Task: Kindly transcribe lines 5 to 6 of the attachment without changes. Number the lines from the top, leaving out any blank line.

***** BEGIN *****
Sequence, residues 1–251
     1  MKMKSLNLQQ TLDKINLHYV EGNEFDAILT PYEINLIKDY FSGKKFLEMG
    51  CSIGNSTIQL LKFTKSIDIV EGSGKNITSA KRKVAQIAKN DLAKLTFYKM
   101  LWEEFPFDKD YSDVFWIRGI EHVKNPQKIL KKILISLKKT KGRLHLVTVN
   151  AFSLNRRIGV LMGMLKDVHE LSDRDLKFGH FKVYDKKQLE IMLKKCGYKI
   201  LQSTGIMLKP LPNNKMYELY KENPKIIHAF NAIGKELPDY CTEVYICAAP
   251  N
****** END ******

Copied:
   151  AFSLNRRIGV LMGMLKDVHE LSDRDLKFGH FKVYDKKQLE IMLKKCGYKI
   201  LQSTGIMLKP LPNNKMYELY KENPKIIHAF NAIGKELPDY CTEVYICAAP